Posted: 10/19/19 at 8:40am. Column by Ed Jordan.
A few days ago our church had a Pastor Appreciation luncheon for my wife and me. It was a fun day, and we enjoyed the blessing of love.
I hope that you regularly attend a church near you and that you realize the value and worth of having a pastor and his or her family to bless you and your family with ministry and support.
During October in my column, I have been addressing some of the stresses that people encounter which are difficult to bear.
While these are often the stresses pastors encounter, they are relevant to you as well, because in this fallen world we all encounter unpleasant circumstances or situations as well as the emotional pain that accompanies them.
One of the painful scenarios that humans encounter is loneliness. Loneliness is a feeling of isolation and being alone.
In the Creation accounts of Genesis chapters 1-3, God’s crowning creative act was the creation of humans. First there was Adam, and then God saw “that it was not good for the man to be alone,” so God made Eve to share life with Adam. Loneliness has been with us a long time.
Now, I realize that there are some people who prefer to be single, and that is fine. But all of us still crave some form of companionship—people to interact with, laugh with, or talk with.
We need others to share our hopes, dreams, hurts, or doubts with. This is a good thing. Sometimes just knowing that you have someone to help you sort out your thoughts can be helpful.
Moral support, or a listening ear, can go a long way to help de–stress us.
When we see a pastor, or their mate, or others involved in leadership activities, participating in a flurry of seemingly unending functions, events, and projects, we often totally dismiss the idea that they might be experiencing loneliness.
In The Secret Pain of Pastors by Philip Wagner, the statistics state that 70% of pastors feel that they don’t have a close friend. It seems like a shocking statistic, but when one understands the complexity of a pastor’s life and work (or the family’s unique pressures), it is probably very accurate.
Why is the percentage so high? Are pastors unlikeable?
Not at all. There are many reasons for such a high rate of isolation and loneliness. Pastors don’t have normal lives nor work schedules.
As a pastor, any plan you make is likely to be bumped by unexpected crises, and personal plans must give way to the needs of another.
Developing friendships takes frequent get-togethers, which are hard to fit into an already full schedule. Spending more time with particular people can sometimes ruffle the feathers of others you are not spending so much time with. Furthermore, some subjects are understandably off limits.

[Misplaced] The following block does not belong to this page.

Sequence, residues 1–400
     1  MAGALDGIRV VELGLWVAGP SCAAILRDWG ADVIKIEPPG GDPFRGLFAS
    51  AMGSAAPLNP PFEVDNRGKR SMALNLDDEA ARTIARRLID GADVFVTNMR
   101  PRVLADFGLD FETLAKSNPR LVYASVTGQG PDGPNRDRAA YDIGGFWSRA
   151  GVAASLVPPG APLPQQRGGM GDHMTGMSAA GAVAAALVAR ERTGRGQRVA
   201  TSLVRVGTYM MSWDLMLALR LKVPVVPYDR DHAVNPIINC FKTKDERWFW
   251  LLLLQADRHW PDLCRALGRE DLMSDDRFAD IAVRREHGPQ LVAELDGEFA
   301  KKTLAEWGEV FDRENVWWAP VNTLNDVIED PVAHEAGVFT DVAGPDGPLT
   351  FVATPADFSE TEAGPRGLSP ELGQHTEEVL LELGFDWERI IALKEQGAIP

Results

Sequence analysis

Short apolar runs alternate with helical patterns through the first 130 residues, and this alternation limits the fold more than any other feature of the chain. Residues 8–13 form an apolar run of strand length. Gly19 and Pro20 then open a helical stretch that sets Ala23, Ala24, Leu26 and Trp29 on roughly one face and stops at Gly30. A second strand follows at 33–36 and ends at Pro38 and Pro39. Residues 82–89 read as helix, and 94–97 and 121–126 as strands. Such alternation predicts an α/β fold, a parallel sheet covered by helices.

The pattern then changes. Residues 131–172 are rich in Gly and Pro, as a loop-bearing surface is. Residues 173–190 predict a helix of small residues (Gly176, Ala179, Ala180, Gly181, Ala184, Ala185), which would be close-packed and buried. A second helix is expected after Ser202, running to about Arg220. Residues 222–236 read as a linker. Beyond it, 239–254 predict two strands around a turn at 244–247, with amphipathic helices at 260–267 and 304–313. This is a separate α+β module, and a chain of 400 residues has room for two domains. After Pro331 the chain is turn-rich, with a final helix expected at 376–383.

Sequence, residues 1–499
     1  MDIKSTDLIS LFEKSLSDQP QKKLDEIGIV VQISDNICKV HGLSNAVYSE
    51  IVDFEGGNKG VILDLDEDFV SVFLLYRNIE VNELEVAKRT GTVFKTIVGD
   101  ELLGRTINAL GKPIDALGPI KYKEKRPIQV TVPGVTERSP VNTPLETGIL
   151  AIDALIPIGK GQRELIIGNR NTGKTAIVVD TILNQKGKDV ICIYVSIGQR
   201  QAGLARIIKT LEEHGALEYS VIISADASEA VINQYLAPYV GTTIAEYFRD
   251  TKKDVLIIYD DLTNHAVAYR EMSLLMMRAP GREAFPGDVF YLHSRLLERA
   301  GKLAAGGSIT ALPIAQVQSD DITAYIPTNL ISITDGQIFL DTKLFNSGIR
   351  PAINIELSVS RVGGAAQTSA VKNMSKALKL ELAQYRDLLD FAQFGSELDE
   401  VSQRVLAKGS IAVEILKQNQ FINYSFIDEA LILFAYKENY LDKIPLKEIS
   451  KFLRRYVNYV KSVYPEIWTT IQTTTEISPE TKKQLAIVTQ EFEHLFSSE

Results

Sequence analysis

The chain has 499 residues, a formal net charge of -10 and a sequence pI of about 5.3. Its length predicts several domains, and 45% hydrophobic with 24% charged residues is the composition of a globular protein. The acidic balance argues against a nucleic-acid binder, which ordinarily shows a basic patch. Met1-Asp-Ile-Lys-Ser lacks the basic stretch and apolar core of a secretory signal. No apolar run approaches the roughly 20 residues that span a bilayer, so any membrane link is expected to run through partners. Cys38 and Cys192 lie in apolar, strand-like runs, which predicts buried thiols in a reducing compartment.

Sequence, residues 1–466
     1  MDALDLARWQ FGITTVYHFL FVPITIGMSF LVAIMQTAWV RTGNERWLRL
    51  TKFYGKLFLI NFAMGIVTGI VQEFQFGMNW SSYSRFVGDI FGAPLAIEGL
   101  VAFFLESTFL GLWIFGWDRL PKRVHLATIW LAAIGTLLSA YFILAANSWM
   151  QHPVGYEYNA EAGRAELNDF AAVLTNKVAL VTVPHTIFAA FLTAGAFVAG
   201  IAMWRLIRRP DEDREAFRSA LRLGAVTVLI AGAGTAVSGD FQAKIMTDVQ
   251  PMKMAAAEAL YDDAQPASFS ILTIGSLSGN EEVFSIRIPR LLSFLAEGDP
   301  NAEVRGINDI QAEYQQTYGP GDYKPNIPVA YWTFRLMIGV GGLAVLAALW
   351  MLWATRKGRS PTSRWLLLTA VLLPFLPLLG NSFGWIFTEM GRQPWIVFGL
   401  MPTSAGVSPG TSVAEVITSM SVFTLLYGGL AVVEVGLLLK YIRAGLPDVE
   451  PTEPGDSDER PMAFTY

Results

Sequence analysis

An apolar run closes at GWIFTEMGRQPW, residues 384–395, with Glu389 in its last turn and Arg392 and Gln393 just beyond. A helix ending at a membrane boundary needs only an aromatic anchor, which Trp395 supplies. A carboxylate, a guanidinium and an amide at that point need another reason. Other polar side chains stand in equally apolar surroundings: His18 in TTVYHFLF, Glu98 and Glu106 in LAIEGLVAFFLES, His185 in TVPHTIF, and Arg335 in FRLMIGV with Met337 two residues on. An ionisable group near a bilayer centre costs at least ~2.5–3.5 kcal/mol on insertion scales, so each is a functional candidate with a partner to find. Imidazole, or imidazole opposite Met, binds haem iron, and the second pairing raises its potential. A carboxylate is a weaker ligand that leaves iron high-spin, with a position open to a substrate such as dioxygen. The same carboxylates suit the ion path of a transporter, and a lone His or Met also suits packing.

So it is no wonder that pastors and their mates often feel alone, lonely, and overwhelmed. So what can be done?
If you are a pastor, find another pastoral friend you can meet with for lunch or just a talk. Schedule at least one day off each week and unless there is a sudden death on that day, try to stick to it.
Develop relationships with folks with whom you have other things in common beyond church stuff; doing some things together lets you de–stress, laugh, and be yourself.
Take care of your family. Write in appointments with your mate and/or children, and don’t let other engagements encroach on them unless it is unavoidable.
Realize that Jesus knows everything you are going through. He couldn’t talk about some things with the disciples, because they wouldn’t understand. Talk to Jesus about those things.
Find some personal promises that you can go to when you are hurting, such as Hebrews 13:5 (CSB) which says: “ Keep your life free from the love of money. Be satisfied with what you have, for He Himself has said, I will never leave you or abandon you.”
Focus on what you have (faithful Jesus, who is everything), instead of what you don’t have. You may not have many deep friends, but you have the one friend who is worth all the friends in the world, and he promises to never leave you nor abandon you.
As a friend of the pastor, take them and/or their family with you to something you know they will enjoy and where they can get away from church work for a couple of hours.
Be a friend. We all need a friend. Pray for them, and their family. Pastors’ kids are often teased and isolated, too, and they didn’t volunteer for the stuff that comes with pastoring. Bless the pastor’s kids and you also bless the pastor.